Physics of musical instruments

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Physics is all around us, and yet we always overlook it. We see, hear or feel something happen but never stop to question why. Physics will tell us why. Music plays a part in everyone's lives. So much so that it is often overlooked and the technicalities of it are unappreciated. Sure there are times when we listen carefully to the music behind the songs we hear, we may focus on the rhythm or the harmonies, but we never think of what it took to make the sounds that we are hearing. In this paper, I will explain the physics musical instruments. I will describe and define sound in psychics terms and then describe how different instruments create their unique sounds.

There are so many different kinds of music, and thanks to the variety of instruments the combinations of sounds that we can make are limitless. Before we look at musical instruments we have to look at music itself. We need to know what it is made of and learn some basic terms.

In physics, music is essentially a form of energy and is transferred by a wave. There are two basic kinds of waves. The first is a transverse wave where the medium vibrates at a right angle up and down causing the wave to move to the right. A compressional wave (or longitudinal wave) moves to the right and left because the medium vibrates in the same direction. Sound waves take the form of compressional waves and are caused by vibrations. Sound waves are distinguished by their speed, pitch, loudness and quality (timbre) (Lapp, 2003).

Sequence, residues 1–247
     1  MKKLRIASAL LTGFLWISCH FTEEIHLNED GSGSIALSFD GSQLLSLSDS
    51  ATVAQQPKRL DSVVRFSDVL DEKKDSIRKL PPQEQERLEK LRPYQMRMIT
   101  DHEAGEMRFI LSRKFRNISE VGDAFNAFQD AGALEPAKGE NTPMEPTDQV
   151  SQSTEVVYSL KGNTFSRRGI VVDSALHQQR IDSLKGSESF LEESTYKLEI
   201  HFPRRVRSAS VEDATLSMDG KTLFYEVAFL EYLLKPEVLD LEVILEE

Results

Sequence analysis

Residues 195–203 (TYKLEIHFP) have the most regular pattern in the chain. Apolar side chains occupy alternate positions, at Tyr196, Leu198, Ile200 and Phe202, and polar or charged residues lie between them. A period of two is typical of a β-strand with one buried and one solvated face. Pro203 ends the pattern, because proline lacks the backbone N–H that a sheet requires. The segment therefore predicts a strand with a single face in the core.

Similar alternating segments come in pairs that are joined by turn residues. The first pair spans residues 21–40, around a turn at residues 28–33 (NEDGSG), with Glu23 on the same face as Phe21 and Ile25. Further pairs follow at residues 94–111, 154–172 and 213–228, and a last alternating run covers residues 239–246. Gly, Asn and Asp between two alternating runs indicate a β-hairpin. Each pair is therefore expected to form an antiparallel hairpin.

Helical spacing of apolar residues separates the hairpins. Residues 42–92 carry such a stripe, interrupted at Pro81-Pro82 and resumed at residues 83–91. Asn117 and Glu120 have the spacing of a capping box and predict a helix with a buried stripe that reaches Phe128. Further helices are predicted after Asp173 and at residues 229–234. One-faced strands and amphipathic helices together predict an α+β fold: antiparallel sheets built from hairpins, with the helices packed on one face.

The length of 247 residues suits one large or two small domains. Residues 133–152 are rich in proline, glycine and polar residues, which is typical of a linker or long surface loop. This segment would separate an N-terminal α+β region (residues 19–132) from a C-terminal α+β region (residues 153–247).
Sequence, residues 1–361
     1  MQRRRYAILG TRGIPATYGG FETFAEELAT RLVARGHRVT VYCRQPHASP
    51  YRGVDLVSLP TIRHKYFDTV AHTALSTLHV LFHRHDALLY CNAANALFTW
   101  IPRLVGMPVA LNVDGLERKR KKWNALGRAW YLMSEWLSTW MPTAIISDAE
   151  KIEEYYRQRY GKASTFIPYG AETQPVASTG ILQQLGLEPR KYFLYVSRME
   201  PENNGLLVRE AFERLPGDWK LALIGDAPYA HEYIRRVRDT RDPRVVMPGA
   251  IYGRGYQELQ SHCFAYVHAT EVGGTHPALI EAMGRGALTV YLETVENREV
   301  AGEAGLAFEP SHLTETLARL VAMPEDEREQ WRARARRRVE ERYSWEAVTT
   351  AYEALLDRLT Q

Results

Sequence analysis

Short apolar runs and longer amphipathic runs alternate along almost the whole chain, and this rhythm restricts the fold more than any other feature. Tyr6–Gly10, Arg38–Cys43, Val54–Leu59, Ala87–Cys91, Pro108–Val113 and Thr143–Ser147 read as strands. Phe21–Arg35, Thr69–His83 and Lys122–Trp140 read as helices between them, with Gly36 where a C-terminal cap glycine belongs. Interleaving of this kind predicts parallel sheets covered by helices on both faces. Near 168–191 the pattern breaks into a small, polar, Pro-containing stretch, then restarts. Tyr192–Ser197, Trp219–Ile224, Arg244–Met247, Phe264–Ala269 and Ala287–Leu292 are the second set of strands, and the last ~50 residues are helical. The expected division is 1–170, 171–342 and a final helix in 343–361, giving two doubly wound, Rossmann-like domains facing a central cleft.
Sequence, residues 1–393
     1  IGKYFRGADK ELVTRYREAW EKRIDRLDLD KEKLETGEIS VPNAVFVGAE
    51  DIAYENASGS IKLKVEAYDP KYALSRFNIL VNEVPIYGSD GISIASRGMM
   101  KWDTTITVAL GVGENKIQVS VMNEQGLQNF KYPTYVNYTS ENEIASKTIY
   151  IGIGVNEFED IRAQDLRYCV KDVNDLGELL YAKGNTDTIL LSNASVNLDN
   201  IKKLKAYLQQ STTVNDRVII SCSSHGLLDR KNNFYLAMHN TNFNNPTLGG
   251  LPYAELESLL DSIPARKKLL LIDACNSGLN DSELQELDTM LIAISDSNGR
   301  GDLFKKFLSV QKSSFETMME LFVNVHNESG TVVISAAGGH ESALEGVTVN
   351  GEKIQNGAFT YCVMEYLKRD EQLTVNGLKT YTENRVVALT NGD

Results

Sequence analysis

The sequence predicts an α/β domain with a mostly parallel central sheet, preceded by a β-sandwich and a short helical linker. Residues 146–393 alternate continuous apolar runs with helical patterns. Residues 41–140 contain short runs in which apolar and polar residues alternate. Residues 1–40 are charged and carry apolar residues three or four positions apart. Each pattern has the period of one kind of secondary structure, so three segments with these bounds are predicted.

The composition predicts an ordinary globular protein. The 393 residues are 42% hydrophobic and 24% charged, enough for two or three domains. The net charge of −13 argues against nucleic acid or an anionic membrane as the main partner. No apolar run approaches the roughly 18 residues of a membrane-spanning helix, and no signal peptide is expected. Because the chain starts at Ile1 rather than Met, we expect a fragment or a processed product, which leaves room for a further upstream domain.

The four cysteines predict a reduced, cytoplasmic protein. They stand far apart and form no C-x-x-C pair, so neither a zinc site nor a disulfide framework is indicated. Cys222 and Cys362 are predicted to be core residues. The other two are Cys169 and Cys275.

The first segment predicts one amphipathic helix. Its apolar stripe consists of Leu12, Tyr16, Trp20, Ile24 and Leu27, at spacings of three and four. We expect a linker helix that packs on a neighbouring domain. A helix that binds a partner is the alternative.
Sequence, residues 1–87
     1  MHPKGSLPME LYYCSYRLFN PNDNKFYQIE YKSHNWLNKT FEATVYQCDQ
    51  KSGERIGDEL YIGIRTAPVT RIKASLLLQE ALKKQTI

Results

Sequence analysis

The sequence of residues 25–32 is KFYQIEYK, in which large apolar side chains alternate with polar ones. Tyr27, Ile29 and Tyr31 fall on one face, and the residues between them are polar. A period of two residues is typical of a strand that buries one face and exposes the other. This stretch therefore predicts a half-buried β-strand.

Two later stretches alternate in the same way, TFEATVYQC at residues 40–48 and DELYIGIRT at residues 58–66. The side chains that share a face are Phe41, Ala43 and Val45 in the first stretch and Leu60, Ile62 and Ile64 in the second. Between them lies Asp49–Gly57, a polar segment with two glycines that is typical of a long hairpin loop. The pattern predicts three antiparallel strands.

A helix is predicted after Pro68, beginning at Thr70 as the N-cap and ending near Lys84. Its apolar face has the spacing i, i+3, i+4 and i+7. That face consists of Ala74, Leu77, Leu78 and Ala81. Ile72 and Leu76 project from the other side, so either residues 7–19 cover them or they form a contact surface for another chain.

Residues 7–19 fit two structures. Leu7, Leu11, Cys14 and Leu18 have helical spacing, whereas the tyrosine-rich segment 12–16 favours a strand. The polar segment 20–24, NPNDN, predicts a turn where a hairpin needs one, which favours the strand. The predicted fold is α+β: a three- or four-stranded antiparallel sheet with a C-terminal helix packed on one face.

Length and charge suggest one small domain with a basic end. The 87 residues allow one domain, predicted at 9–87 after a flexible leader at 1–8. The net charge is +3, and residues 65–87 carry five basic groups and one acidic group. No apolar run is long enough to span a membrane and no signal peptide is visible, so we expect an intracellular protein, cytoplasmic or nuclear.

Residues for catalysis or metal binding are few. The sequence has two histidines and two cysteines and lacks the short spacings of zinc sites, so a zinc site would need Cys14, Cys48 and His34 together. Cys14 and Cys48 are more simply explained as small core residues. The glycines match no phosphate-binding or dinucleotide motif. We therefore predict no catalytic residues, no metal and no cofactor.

There are a few parts of sounds waves that we should be familiar with to better be able to understand the physics of music. The crest is the highest point of a wave, while the trough is the lowest. The wavelength of a wave is the distance between two adjacent ...

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...s of physics makes it so much more awe-striking.

References

Fletcher, N. Martin, D. and Smith, J. (2008) Musical instruments, in AccessScience, ©McGraw- Hill Companies, Retrieved November 25, 2011 from http://www.accessscience.com.ezproxy.hacc.edu

Henderson, T. (2011). Musical Instruments- Resonance. The Physics Classroom. Retrieved November 25, 2011, from www.physicsclassroom.com/class/sound/U11L5a.cfm

Hollis, B. (2011) How Brass Instruments Work. The Method Behind the Music. Retrieved November 25, 2011 from http://method-behind-the-music.com/mechanics/brass

Lapp, D. (2003). The Physics of Music and Musical Instruments. Physics. Retrieved November 25, 2011, from http://staff.tamhigh.org/lapp/book.pdf

Tillery, B. (2012). Wave Motions and Sound. Physical science (9th ed., pp. 115-134). New York, NY: McGraw-Hill.

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